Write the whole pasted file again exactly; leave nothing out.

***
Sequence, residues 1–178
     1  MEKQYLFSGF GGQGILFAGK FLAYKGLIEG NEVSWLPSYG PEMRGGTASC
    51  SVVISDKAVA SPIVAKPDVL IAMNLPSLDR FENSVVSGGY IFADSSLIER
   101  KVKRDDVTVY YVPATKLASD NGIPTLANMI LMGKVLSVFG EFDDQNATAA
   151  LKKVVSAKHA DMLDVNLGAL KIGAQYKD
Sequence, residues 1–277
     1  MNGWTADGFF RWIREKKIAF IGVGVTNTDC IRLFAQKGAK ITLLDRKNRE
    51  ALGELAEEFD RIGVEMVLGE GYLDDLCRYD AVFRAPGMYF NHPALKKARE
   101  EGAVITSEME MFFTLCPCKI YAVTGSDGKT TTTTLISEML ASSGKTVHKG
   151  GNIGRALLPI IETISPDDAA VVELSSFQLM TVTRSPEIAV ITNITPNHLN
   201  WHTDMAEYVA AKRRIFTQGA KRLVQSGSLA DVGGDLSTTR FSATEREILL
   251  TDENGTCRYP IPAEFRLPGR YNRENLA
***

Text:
Sequence, residues 1–178
     1  MEKQYLFSGF GGQGILFAGK FLAYKGLIEG NEVSWLPSYG PEMRGGTASC
    51  SVVISDKAVA SPIVAKPDVL IAMNLPSLDR FENSVVSGGY IFADSSLIER
   101  KVKRDDVTVY YVPATKLASD NGIPTLANMI LMGKVLSVFG EFDDQNATAA
   151  LKKVVSAKHA DMLDVNLGAL KIGAQYKD
Sequence, residues 1–277
     1  MNGWTADGFF RWIREKKIAF IGVGVTNTDC IRLFAQKGAK ITLLDRKNRE
    51  ALGELAEEFD RIGVEMVLGE GYLDDLCRYD AVFRAPGMYF NHPALKKARE
   101  EGAVITSEME MFFTLCPCKI YAVTGSDGKT TTTTLISEML ASSGKTVHKG
   151  GNIGRALLPI IETISPDDAA VVELSSFQLM TVTRSPEIAV ITNITPNHLN
   201  WHTDMAEYVA AKRRIFTQGA KRLVQSGSLA DVGGDLSTTR FSATEREILL
   251  TDENGTCRYP IPAEFRLPGR YNRENLA